Why is this the most important? Because you, the consumer, ARE the market. With some exceptions that are still up for discussion (650b/27.5 wheels), brands and manufacturers aren't going to do much unless they believe you, the market, will buy it. You vote with your dollars, and they need your vote. If this is true, and it is my aim to prove it to you, we're gonna need to get a little philosophical, and you're gonna need to come with me.
First, and most importantly, you need to know what kind of riding you're into. For some, this is going to seem laughably easy, but if you're new to the sport, this can be a really difficult thing to nail down. Some of the best sales training I've received taught me to help the customer write the script to his/her movie, starring them and their bike. In that movie, what's going on? Where are you? Where are you going? How far from home are you? Are you riding at a comfortable pace, or are you pushing yourself? Anybody there with you? Are they your friend or competitor? Are you riding to be social or to get/stay fit? Figuring this out is THE MOST IMPORTANT thing you can do as a consumer.
Second, be realistic. Did you picture yourself elbow to elbow with the pros, in the sprint to the finish in one of the classics? That's not going to happen. Think you're going to get fit, get competitive, and wind up a Cat 1/2? If you need to get fit, that's probably not going to happen either. My point is, most of us are not competitive, and of those who are competitive, we are nowhere near the front of the pack. For the vast majority of cyclists, life is a lot better when we don't compete and just enjoy riding for riding.
This is why this is important: if you're with me so far, you don't need a carbon fiber bike at all. You may think you want one, you may actually want one, and the sales associate with whom you're working may want to talk you into thinking you want one, but you definitely do NOT need one. You may ask, "but so what, what's the harm in wanting a carbon fiber bike?"
Because carbon fiber is expensive, and every bike model from every brand at every price point is a study in economics. It's no coincidence that every one of the big brands has a bike with similar parts within a couple hundred dollars of each other. Those brands need a bike at a given price point to be competitive, so every bike is a give and take, a compromise. Want a better rear derailleur than your competitor? That costs more, so maybe you specify a less expensive, lower quality front derailleur, which is not as noticeable. Want nicer wheels? Then you need to cover the expense of those nicer wheels by specifying a less expensive part somewhere else. This is ABW's Fourteenth Law of The Bicycle Industry: There are no free lunches when it comes to the parts on a bike.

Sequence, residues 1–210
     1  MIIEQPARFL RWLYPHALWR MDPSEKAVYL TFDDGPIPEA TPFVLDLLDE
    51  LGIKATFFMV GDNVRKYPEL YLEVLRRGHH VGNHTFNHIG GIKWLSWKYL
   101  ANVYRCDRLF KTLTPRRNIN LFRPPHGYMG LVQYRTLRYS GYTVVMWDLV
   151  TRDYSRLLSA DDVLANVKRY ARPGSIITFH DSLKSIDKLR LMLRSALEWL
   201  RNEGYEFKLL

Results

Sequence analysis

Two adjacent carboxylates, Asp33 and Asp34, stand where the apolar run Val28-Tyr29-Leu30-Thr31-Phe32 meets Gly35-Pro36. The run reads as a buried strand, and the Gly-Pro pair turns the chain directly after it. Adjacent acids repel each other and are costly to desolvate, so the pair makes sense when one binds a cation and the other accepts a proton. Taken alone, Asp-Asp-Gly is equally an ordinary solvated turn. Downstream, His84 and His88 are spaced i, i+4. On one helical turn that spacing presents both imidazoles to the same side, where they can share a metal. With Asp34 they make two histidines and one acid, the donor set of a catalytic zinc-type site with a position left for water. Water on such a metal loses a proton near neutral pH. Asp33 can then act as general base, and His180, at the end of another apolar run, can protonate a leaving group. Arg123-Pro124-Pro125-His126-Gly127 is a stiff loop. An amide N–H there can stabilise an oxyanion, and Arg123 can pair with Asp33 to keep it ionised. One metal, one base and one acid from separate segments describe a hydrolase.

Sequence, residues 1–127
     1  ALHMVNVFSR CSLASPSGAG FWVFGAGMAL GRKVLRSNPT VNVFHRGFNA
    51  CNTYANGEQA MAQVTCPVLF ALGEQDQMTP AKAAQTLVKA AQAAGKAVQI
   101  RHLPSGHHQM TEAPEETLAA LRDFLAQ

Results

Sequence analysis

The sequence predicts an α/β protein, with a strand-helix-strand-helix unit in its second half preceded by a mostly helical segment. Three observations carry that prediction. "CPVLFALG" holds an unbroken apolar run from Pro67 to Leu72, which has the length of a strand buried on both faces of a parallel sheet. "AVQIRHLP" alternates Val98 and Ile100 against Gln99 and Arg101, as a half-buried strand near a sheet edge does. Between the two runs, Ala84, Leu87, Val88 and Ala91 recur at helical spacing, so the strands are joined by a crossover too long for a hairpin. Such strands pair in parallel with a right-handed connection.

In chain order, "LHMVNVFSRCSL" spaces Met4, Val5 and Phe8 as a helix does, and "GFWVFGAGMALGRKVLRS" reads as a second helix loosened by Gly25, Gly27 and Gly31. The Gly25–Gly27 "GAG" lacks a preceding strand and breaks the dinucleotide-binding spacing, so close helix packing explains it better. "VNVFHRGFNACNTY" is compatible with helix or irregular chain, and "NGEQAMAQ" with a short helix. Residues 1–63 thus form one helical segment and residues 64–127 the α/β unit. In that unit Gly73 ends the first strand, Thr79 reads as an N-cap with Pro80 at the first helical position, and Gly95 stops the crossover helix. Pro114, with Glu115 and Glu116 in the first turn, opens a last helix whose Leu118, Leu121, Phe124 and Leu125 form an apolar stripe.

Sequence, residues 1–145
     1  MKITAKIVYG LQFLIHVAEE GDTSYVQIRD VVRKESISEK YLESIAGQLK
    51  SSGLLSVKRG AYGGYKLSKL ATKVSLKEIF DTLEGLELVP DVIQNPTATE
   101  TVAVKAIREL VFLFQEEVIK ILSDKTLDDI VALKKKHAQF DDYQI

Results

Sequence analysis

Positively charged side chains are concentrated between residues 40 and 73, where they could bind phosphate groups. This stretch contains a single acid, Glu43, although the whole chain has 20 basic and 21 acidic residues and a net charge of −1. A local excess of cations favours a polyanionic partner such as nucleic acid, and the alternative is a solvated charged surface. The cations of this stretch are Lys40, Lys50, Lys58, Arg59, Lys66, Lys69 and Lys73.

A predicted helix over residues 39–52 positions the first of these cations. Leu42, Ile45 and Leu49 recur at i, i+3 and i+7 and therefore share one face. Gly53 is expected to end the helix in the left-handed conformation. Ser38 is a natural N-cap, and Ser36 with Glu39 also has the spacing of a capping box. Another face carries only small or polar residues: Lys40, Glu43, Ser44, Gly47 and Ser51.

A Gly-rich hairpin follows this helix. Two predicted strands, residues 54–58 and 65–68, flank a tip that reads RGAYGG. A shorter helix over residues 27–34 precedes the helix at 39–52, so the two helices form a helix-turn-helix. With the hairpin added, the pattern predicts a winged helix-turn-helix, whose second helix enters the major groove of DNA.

Know what the most expensive part of a carbon fiber bike is? Yup. With very few exceptions that don't pertain to this conversation (wheels), the frame is the most expensive part of the bike. You want a carbon fiber frame, the other parts are going to be less expensive and lower performance.
Again you may ask, "so what, what's the harm in that?" Here's another place where I need you to come with me: the bicycle frame has relatively little to do with the overall quality of the riding experience. It's true. When you take into account the wheels, shifters, brakes, saddle, bar tape, gloves, shoes, shorts, etc, whether or not you're riding a carbon fiber bike isn't going to have much to do with whether or not you're enjoying your ride. Put another way, switching out the quality of the shorts you're wearing will have a far greater impact on your enjoyment than will switching out to a different frame.
What's that you say? You want data? Sure. Below are MSRPs from The Big 3 for their least expensive carbon bikes, along with the general level of components found on them.
Trek: Madone 3, $1979.99
Spec: Roubaix SL4, $1800.00
Giant: TCR Composite 2, $1850.00
Trek: Mix of 105 components, in-house parts
Spec: Sora, in-house parts
Giant: 105/Tiagra, in-house parts
Compare the Madone 2.1 (aluminum frame) to the Madone 3, and you will see they have nearly identical components and parts, but the Madone 2.1 costs $550 less. With that money saved, you have a lot of choices in gloves, shorts, shoes, and possibly even upgrades that will have a far greater effect on the actual quality of the ride experience. Or, you can put it in your espresso and beer fund, either of which make a great excuse to stop on a ride, and either of which will boost the enjoyment quotient.
The bottom line is the number. Unless you get paid to ride your bike, you don't need carbon fiber, and your hard-earned money is better spend elsewhere.
If the first thing you thought upon reading this is, "yeah, but isn't aluminum really stiff and unforgiving and uncomfortable," we'll cover this in the next post. That's a horribly outdated, even ancient misconception.